Berlin WallBerlin WallWith the aim of preventing East Germansfrom seeking asylum in the West, the East German government in 1961 beganconstructing a system of concrete and barbed-wire barriers between Eastand West Berlin. This Berlin Wall endured for nearly thirty years,a symbol not only of the division of Germany but of the larger conflictbetween the Communist and non-Communist worlds.
The Wall ceased tobe a barrier when East Germany ended restrictions on emigration in November1989. The Wall was largely dismantled in the year preceding the reunificationof Germany. The victorious Allies agreed to give mostof Eastern Germany to Poland and the USSR, and then divide the rest intofour zones of occupation. However, they could not agree of whetheror how to reunite the four zones. “As Cold War tensions grew, stimulatedin part by the German situation itself, the temporary dividing line betweenthe Soviet zone in the East and the British, French, and U. S.Order now
zones inthe West hardened into a permanent boundary. In 1949, shortly afterthe Western powers permitted their zones to unite and restore parliamentarydemocracy in the Federal Republic of Germany, the Russians installed apuppet regime of German Communists in the East, creating the German DemocraticRe-public. “(Niewyk, 1995) According to Galante (1965, p. vii) “a cityis the people who live in it. Berlin is 3,350,000 people in twentyboroughs. A rich city of factories, an airy city of farms and parksand woods and lakes.
. . On Sunday, August 13, 1961 Herr Walter Ulbricht stoppedthat. He built the Wall. “One reason for the building of the Wallwas due to the more than fifty-two thousand East Berliners who crossedthe border everyday to work in West Berlin. These people were referredto as the “grenzgaenger or border crossers.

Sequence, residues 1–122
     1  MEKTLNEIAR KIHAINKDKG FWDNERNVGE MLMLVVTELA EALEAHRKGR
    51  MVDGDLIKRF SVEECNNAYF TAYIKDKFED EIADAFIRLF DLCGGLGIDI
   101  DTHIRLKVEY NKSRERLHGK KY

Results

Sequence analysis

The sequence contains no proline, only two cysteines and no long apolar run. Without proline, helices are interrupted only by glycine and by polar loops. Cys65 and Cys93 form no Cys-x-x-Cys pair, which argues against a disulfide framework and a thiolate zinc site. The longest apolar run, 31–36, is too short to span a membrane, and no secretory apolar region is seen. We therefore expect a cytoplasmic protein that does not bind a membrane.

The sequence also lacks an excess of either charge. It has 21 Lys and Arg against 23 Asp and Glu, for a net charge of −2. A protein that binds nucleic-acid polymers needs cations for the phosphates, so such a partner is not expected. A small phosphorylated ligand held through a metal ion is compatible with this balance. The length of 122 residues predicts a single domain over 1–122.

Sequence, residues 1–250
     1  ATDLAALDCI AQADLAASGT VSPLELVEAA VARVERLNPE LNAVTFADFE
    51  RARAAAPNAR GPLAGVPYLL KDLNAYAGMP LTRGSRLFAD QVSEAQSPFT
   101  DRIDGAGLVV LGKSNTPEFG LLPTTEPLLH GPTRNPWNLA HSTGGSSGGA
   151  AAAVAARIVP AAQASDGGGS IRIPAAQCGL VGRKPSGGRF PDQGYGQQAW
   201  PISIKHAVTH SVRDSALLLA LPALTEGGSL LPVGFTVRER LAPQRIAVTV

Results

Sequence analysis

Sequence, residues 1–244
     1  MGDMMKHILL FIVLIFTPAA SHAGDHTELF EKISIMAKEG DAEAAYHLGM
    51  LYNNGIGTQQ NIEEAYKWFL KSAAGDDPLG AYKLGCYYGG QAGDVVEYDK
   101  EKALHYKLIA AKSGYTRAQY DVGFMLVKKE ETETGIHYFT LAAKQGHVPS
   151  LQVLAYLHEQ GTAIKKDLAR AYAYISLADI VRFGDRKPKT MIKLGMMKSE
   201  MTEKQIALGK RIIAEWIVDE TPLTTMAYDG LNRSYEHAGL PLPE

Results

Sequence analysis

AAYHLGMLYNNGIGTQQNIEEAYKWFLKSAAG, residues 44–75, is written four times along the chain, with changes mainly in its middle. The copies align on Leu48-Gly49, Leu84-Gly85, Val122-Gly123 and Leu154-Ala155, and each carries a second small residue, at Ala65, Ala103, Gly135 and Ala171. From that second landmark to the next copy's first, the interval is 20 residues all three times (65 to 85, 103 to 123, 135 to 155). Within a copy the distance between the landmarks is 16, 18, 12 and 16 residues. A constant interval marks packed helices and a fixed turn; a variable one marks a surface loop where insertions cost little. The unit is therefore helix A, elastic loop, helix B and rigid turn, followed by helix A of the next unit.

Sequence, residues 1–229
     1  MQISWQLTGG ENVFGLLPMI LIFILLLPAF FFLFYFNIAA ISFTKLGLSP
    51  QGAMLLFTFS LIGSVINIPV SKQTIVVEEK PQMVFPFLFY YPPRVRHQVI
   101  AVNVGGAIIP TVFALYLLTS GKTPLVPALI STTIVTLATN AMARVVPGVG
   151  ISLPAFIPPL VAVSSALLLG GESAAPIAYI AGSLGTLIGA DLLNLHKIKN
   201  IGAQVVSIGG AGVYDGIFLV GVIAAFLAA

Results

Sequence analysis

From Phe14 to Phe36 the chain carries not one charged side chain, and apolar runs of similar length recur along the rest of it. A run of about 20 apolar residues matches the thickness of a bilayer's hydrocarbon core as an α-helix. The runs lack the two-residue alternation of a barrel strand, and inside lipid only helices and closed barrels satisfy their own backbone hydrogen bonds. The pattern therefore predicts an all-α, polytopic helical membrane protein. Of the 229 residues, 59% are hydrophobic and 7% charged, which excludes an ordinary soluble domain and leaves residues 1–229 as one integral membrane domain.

” “East Berliners saidthe grenzgaenger were parasite who should stay and work on the East sideof the boundary, for the benefit of Communism and the prosperity of theGerman Democratic Republic. “(Galante, p. 3) Gelb (1986, p. 3) states,”Berlin was where the Cold War began with a Soviet blockade, where Sovietand American tanks faced each other virtually snout-to-snout for the firsttime, and where the grisly game of nuclear brinkmanship was introduced. “The Wall was constructed of concrete andsteel and barbed wire.
It was 28 miles long, if straightened it wouldmeasure 103 miles long, dividing on of the greatest cities in the world. On side was painted white and one side was covered with graffiti. “But there is more to the Wall than just this wall. Behind it, onehundred yards deeper into Communist territory, is another concrete barrieralmost as formidable. The leveled area between the two is a desolate,dangerous no-man’s-land, patrolled by kalashnikov-toting guards, dottedwith free-fire machine-gun emplacements, and sown in places with landmines. It is punctuated with 285 elevated watchtowers, more suited to prison campsthan city centers, and by a series of dog runs where ferocious, long leashedAlsatians effectively run free.
It is not a safe place to be. “(Gelb,p. 4) Approximately 5000 people managed to escape to the West, 80died trying. There is no known record of anyone trying to escapein the other direction. “The poor quality and construction is a resultboth of the speed with which the first sections were erected and the factthat no foundation was prepared.
“(Galante, p. 8) On August 13, 1961,East German troops began stretching coils of barbed wire across the bordercheckpoints between East and West Berlin, inhibiting free transit betweenthe two sectors as guaranteed under the Four-Power Pact that governed thecity. Within days the wire was replaced by 28 miles of compressedrubble, “and now the historic Berlin Wall became a hideous symbol of theeconomic and political schism in Germany. “(Cate, preface)For 28 years the Berlin Wall kept peoplein, and kept people out.